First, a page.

Alice in Wonderland was published in November 1865. I assume that Lewis Carroll had no idea of the origin of the idiom. The attempts to find the prototype of his character point in the same direction. I assume that, in the words of Mackay, there was no need to accuse hatters of madness in a greater degree than any other trader or artificer. Nor would Lewis Carrol have treated such a grim subject facetiously: to him the phrase probably meant not more than mad as a March hare (incidentally, the origin of this bizarre simile has also been the object of much learned speculation) or as pleased as Punch.
So, in the spirit of the subject at hand, I’ll stick to my folly, reject the reference to medicine, and repeat what I said a week ago, namely, that we should perhaps look for an explanation in some incident (now hopelessly forgotten: the etymological cat is gone, but the smile is still with us), a music hall joke, or some change in the wording. It is not altogether improbable that the longer version as mad drunk as a hatter once existed and, after drunk was dropped, turned into a meaningless but colorful simile. One of the correspondents to Notes and Queries wondered: “Does a mad hatter make madcaps?” I would be more inclined to derive mad as a hatter from mad drunk or madcap than from mercury poisoning.
To reinforce my conclusion, I would like to mention another idiom, connected with derangement. Today, this idiom is probably known to few. To sham Abraham means “to feign madness or sickness.” Abraham seems to have been the name of the ward in which deranged patients were confined in the hospital of Saint Mary of Bethlehem in London or any similar institution. How the ward’s name originated is not quite clear. It is said that on certain occasions, some inmates were allowed to leave the hospital, and many of them went a-begging in the streets. Naturally, they were harassed by crowds of jeering boys and shunned by respectable people. The patients of that ward received the name of Abraham men.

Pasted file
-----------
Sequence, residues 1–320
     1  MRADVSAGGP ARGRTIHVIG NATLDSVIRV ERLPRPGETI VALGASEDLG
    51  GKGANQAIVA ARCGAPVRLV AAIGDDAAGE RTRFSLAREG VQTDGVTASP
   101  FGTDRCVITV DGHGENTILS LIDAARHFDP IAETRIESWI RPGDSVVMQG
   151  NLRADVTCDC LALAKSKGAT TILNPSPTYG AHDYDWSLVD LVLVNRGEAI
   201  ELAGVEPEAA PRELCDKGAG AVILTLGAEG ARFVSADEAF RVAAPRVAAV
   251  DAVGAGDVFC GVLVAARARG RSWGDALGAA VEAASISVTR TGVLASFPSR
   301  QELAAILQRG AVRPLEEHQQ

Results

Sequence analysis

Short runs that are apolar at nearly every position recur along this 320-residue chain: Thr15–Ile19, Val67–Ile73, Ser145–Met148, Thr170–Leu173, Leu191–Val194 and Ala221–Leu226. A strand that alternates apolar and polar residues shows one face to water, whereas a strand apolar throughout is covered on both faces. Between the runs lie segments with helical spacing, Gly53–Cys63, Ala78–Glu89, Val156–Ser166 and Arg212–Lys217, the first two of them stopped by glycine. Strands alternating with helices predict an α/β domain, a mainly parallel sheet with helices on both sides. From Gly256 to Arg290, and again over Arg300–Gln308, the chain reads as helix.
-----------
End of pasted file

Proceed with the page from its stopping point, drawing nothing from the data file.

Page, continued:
As time went on, the plight of those who occasionally roamed the streets of London began to arouse pity rather than ridicule and horror, and they were given money or otherwise taken care of. Feigning madness became a lucrative occupation for ingenious scoundrels. They would put on the Bethlem dress that indicated their status and impersonate madmen. This trick became an offense punishable by the whipping-post and confinement in the stocks. In Act II, Scene 3 of King Lear, Edgar, now disguised as Poor Tom, explains: “The country gives me proof and precedent/ Of Bedlam beggars, who with roaring voices,/ Strike in their numb’d and mortified bare arms/ Pins, wooden pricks, nails, sprigs of rosemary;/ And with this horrible object, from low farms,/ Poor pelting villages, sheep-cotes, and mills/ Sometimes with lunatic bans, sometimes with prayers,/ Enforce their charity.” Later, to sham Abraham “to malign” became part of sailors’ slang. Note the absence of the light-heartedness that characterizes the idiom as mad as a hatter.
In sum: I have no doubt that hatters suffered from mercury poisoning, but I don’t believe that this fact has anything to do with the emergence of our phrase in the 1820s. From the critics of this conclusion I would like to hear where I have gone wrong in my reasoning.
Featured image: Royal…. before it moved….. Image credit: Most of Bethlehem Hospital by William Henry Toms. Public Domain via Wikimedia Commons.